Philadelphia, PA

Philadelphia Police Department used 'Fantasyland' Coordinates for Years until Discovered; Now they use 'Atlantic Ocean'

Zack Love

For over 10 years, the Philadelphia Police Department logged the coordinates for crimes "without an exact location" to Disney World. It continued unchecked for years until a news investigation questioned the practice. So they decided to log these crimes into the middle of the Atlantic Ocean.
Police officerPhoto by Martin Jernberg on Unsplash

The practice of repeatedly doing something over and over again the same way incorrectly “because that’s how we’ve always done it” is now biting the Philadelphia Police Department.

An investigative report by NBC 10 Philadelphia found that Philadelphia Police Department continued to report “location-less” crimes incorrectly for over 10 years until an investigative report prompted them to change this practice.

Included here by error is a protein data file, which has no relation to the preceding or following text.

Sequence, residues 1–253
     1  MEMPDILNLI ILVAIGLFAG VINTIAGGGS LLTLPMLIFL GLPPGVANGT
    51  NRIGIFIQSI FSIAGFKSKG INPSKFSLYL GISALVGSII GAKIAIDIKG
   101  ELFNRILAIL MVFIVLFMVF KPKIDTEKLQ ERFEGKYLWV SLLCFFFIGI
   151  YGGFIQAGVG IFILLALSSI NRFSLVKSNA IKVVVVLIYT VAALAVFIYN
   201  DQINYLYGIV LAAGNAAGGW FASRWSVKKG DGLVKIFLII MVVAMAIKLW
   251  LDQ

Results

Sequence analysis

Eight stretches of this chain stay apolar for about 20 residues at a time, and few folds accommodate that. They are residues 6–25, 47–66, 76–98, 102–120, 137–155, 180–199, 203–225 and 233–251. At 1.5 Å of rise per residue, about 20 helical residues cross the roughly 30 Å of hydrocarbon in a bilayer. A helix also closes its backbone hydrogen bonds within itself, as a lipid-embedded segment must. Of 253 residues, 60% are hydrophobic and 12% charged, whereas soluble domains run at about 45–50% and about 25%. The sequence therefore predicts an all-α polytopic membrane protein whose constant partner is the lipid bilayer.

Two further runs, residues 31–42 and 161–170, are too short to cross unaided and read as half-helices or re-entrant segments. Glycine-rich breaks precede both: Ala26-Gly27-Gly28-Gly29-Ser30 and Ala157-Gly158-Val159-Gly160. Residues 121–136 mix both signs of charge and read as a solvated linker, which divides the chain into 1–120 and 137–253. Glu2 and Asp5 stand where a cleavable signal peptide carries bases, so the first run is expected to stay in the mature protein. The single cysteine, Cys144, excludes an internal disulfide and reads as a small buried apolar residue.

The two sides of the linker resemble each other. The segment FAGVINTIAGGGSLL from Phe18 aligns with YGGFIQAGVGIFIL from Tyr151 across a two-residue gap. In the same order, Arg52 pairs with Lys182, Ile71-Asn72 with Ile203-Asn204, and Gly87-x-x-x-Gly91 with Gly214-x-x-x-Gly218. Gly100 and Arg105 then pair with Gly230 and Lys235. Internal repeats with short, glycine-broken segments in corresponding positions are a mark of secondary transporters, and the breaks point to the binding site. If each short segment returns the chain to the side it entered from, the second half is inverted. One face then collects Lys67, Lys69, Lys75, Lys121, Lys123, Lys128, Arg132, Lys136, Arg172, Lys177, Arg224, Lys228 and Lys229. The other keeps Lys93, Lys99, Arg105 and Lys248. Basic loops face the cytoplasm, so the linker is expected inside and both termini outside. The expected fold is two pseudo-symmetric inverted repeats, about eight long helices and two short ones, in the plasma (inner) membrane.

The Washington Post also reported on this story.

For the Philadelphia Police Department crimes without a precise GPS location, police officers were using the coordinates of “Fantasyland,” a specific area within Disney World, which is located in Florida. (Source: The Washington Times)

This type of GPS reporting was both inaccurate and untrue  for crimes without a specific location. This could potentially raise questions, as it did by NBC 10 Philadelphia investigative team. They wanted to know why Philadelphia crimes were being reported to Fantasyland. This uncovered how long this practice has been going on within the department and prompted a change in this practice.